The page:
This Thursday, June 8, Tesla (NASDAQ:TSLA) and General Motors (NYSE:GM) announced their partnership in the EV charging sector, allowing for GM EV’s to be charged at Tesla stations. This sparked a decline in EV charging companies stock.
In their partnership, GM follows in the footsteps of rival Ford Motor (NYSE:F) by teaming up with Tesla to utilize the latter’s extensive EV charging network. Both Ford and GM plan to incorporate Tesla’s NACS (North American Charging Standard), installing charging ports compatible with Tesla vehicles.
Welcome GM owners to Superchargers across North America⚡️
— Tesla Charging (@TeslaCharging) June 8, 2023
We're teaming up with @tesla to enhance your electric vehicle experience. More charging stations, less range anxiety, more sustainable journeys. It's about your convenience, not our competition. #EverybodyIn pic.twitter.com/D4joovLjPh
— General Motors (@GM) June 8, 2023
Investors have responded favorably to this partnership in the EV charging industry because they recognize the potential advantages of having a single standard for charging hardware in the North American market. After the news, GM stock increased by more than 3.11%, while Tesla stock increased by 5.80%. In contrast, after the market opened EV charging companies, notably, ChargePoint Holdings, Inc (CHPT) and EVgo (EVGO) both had declines of about 10% each.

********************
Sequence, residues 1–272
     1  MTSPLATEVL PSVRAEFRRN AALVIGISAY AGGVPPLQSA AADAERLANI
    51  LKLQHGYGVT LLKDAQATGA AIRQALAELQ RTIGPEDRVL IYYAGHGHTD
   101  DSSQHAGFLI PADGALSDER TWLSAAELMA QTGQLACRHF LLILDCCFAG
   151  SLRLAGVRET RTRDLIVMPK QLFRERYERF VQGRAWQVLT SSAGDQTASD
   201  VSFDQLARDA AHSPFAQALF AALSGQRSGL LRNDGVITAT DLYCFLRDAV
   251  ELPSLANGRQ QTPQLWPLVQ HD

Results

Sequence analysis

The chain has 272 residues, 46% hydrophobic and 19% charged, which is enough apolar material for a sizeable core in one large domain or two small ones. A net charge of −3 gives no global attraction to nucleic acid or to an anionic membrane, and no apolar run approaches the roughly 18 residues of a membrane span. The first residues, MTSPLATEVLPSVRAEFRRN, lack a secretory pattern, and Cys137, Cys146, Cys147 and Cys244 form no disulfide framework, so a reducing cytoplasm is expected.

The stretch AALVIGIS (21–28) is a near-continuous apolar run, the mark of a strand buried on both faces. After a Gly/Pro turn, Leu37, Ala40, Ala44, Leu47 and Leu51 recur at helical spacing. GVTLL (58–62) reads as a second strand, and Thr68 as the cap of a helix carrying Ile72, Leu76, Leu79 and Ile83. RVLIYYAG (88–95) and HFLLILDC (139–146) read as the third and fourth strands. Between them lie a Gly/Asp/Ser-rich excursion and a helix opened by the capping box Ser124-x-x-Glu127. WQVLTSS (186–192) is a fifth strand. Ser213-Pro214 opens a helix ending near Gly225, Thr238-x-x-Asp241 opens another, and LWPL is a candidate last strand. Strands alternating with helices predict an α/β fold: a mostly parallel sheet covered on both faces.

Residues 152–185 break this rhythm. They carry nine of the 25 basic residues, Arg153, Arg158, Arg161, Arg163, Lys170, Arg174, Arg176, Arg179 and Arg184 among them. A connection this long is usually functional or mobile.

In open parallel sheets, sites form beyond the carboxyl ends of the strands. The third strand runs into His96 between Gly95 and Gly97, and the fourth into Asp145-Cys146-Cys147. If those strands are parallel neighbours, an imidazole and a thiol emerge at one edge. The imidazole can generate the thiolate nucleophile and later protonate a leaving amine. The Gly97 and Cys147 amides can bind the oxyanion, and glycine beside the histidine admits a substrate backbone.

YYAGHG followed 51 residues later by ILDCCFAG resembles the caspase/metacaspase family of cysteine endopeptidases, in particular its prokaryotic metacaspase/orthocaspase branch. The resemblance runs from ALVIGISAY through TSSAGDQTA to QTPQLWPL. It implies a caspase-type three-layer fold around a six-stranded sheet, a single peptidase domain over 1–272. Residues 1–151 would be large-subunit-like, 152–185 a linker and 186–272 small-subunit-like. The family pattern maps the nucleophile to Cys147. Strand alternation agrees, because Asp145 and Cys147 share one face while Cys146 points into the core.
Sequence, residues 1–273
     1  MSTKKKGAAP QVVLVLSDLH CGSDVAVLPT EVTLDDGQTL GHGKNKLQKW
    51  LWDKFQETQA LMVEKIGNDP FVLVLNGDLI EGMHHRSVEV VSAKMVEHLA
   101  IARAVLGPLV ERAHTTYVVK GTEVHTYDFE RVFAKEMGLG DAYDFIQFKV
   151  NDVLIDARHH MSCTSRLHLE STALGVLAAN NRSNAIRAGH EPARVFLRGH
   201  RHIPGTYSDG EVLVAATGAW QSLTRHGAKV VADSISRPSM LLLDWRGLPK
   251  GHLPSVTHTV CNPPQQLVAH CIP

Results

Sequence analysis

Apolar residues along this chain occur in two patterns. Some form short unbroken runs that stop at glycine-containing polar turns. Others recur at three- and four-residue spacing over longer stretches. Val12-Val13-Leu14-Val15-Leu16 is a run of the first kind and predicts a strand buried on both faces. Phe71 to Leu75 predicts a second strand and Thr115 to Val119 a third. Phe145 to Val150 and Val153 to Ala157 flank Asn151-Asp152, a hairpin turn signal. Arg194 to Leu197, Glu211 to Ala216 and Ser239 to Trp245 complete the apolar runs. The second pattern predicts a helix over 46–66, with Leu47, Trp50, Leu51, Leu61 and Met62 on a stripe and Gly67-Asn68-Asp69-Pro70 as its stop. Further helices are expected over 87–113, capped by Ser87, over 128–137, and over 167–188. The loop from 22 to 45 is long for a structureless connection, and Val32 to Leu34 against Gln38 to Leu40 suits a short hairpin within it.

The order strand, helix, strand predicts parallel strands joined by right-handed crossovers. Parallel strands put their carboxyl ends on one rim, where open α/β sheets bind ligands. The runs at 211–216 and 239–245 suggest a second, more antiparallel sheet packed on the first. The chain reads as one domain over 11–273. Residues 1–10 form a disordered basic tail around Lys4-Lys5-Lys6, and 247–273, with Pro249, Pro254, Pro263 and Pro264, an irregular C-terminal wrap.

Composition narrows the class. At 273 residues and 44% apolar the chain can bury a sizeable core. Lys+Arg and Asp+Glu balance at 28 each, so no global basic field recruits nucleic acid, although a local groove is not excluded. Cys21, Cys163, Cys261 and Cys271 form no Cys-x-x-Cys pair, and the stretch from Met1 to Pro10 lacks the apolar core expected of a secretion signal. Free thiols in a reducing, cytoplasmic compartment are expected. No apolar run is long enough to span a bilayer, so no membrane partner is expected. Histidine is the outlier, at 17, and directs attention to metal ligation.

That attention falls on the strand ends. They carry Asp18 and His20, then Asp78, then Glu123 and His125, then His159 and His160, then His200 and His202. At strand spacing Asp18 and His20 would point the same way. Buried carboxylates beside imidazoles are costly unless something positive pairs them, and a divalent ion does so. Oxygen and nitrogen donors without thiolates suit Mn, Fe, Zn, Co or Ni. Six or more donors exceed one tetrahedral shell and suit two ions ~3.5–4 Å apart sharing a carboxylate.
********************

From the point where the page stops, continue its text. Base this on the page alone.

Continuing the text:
The Tesla-GM-Ford alliance holds significant commercial and public policy implications. The Biden administration has made it a requirement for companies to adopt a rival “combined charging system” (CCS) standard to qualify for federal subsidies for new charging stations along major roadways. However, the collaboration between Tesla, Ford, and GM challenges the administration’s directive.
Transportation Secretary Pete Buttigieg acknowledged in May, after the Ford-Tesla deal, that the industry will eventually converge on a single charging system. Adapters can facilitate cross-usage between different standards. Despite the current divergence, the industry is expected to move towards a standardized system over time.
Tesla, GM, and Ford collectively account for approximately 70% of current EV sales in the United States. Industry executives recognize that varying EV charging connectors pose a barrier to broader consumer adoption of electric vehicles. Therefore, the partnership between these leading automakers has the potential to address this issue and drive further EV market growth.